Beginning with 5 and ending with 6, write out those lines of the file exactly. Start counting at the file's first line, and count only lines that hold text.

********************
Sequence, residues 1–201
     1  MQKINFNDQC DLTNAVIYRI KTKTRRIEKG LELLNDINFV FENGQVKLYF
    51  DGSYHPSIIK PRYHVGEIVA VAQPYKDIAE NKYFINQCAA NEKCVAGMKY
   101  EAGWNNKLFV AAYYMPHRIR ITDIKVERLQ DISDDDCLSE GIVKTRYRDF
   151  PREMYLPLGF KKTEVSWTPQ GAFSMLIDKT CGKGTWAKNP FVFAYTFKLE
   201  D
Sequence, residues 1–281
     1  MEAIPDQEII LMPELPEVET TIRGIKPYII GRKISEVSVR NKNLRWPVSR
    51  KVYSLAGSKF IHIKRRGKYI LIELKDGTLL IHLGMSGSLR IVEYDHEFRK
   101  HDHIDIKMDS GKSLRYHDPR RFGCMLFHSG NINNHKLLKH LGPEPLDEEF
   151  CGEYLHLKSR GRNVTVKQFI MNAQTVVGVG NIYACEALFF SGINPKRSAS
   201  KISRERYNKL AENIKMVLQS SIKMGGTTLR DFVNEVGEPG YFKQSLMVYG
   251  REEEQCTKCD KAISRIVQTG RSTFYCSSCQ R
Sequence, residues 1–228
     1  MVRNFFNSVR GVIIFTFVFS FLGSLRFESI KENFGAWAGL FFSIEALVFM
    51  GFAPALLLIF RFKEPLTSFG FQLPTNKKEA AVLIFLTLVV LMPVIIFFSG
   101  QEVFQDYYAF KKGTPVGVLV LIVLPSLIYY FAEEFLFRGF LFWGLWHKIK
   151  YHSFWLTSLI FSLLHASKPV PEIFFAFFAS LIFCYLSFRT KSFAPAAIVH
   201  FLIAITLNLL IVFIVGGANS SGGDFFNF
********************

   151  PREMYLPLGF KKTEVSWTPQ GAFSMLIDKT CGKGTWAKNP FVFAYTFKLE
   201  D